This has continued to be the case in recent years even as more and more Israelis develop a keen “economic awareness.”
But The Source was also starting to develop a bullying reputation within the industry.
“With adolescent brain development, one of the last things to develop is impulse control,” says Corcoran.
With little tax revenue, the municipalities of the towns have no money to develop their infrastructure or services.
“The reality is, the safest thing is to develop appropriate study skills,” he said.
But fate decreed that the doctor should not develop his thought.
But there's no higher mentality to develop—not a trace of empathy.
My only desire is to develop and enlarge the sphere of your conceptions.
The effect of trade is to develop one or more predominant wares.
There's a fine vein of quartz to develop, expensive machinery to install.
1650s, "unroll, unfold," from French développer, replacing English disvelop (1590s, from Middle French desveloper), both from Old French desveloper "unwrap, unfurl, unveil; reveal the meaning of, explain," from des- "undo" + veloper "wrap up," of uncertain origin, possibly Celtic or Germanic. Modern figurative use is 18c. The photographic sense is from 1845; the real estate sense is from 1890.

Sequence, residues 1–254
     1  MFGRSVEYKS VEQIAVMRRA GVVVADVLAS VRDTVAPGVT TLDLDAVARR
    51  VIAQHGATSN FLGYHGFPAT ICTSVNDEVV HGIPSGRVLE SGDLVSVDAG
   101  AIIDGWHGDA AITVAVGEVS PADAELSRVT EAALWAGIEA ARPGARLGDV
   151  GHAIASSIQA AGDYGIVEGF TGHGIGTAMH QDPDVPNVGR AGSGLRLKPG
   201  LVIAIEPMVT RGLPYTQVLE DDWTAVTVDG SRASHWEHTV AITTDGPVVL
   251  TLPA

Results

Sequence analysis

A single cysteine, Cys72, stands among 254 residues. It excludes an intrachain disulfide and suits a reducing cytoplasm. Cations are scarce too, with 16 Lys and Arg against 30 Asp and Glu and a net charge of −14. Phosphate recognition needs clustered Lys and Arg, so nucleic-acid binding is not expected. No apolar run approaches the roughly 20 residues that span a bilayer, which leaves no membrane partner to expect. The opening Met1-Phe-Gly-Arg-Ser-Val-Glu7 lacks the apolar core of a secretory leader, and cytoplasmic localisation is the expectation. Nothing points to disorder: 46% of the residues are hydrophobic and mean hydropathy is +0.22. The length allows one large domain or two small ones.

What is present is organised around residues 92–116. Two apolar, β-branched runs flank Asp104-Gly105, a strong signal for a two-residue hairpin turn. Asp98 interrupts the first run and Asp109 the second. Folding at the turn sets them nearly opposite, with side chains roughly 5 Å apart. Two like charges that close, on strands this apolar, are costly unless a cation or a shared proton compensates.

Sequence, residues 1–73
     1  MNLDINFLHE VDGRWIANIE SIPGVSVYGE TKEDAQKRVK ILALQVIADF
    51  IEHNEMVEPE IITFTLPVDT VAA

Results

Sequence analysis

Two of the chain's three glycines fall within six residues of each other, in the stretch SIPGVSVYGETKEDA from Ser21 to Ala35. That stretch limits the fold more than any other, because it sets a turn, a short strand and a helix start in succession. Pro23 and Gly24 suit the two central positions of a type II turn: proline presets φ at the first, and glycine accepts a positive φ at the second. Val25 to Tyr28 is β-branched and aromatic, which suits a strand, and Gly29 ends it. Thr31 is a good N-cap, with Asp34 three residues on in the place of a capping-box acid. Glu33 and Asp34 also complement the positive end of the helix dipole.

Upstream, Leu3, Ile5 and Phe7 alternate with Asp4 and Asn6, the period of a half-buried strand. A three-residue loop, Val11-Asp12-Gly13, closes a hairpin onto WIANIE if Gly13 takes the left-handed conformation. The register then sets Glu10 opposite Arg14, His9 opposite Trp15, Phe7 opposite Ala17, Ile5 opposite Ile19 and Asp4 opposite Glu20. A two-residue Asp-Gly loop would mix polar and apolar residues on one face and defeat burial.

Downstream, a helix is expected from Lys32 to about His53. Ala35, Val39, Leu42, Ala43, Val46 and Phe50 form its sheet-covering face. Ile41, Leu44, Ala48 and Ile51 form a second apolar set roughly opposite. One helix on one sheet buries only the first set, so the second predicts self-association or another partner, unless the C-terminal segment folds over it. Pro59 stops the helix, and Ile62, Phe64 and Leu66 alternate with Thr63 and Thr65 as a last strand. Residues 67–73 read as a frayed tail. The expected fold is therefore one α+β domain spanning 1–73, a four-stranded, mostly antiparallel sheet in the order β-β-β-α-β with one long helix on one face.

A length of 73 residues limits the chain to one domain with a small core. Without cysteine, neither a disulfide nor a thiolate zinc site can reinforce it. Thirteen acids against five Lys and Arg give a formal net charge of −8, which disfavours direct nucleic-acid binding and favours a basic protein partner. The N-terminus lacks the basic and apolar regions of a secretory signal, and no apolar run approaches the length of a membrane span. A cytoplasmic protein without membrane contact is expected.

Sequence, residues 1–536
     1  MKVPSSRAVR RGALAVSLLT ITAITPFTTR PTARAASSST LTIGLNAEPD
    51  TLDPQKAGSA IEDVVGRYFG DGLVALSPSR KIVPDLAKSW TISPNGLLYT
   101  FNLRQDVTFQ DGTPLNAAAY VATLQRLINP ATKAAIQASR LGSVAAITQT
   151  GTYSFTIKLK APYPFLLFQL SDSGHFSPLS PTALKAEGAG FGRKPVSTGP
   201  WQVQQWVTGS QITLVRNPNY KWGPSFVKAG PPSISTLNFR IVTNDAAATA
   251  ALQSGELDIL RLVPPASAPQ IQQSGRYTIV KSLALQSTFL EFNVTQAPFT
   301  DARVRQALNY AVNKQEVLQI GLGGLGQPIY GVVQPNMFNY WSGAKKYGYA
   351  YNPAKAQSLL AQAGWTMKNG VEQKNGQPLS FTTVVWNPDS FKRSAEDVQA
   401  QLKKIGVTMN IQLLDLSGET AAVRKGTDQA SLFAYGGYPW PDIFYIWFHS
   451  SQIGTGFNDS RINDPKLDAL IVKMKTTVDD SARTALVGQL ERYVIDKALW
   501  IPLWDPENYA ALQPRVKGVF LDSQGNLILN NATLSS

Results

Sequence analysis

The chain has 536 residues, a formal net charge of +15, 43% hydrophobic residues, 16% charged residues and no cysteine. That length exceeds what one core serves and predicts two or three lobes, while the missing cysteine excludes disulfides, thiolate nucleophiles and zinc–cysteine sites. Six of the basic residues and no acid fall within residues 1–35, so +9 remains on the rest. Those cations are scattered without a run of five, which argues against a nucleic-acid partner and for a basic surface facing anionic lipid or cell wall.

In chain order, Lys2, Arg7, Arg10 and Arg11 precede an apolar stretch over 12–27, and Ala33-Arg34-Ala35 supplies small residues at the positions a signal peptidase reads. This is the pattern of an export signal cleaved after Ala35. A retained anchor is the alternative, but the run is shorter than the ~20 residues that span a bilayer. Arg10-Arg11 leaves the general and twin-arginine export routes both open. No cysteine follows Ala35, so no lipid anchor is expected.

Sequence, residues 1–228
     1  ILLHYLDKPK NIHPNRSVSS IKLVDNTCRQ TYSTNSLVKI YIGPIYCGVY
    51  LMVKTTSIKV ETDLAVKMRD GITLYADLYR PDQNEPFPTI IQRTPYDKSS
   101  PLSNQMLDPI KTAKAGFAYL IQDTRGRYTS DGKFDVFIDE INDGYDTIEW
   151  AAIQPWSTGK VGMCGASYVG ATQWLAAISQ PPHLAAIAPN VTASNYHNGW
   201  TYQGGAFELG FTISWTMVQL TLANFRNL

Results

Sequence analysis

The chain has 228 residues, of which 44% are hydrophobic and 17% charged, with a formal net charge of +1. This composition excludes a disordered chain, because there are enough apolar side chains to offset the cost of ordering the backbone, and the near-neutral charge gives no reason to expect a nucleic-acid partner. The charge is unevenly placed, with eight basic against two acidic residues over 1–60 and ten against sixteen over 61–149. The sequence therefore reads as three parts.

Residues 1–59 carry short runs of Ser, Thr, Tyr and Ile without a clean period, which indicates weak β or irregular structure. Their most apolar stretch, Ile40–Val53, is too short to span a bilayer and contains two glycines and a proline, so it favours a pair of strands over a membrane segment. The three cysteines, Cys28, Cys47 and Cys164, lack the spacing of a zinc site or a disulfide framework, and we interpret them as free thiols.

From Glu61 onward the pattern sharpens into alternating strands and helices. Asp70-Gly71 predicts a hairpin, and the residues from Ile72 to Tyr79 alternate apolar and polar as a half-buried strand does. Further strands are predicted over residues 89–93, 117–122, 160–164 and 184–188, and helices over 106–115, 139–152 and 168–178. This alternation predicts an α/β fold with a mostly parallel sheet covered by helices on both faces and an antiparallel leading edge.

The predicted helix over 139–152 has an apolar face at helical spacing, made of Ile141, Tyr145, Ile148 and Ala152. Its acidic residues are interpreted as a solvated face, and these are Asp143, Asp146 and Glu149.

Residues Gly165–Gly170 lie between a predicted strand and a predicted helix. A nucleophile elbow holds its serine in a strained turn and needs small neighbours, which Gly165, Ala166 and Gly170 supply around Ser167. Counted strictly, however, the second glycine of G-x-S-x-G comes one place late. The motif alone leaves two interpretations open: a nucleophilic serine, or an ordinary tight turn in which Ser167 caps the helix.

develop de·vel·op (dĭ-věl'əp)
v. de·vel·oped, de·vel·op·ing, de·vel·ops
To progress from earlier to later stages of a life cycle.
To progress from earlier to later or from simpler to more complex stages of evolution.
To aid in the growth of; strengthen.
To grow by degrees into a more advanced or mature state.
To become affected with a disease; contract.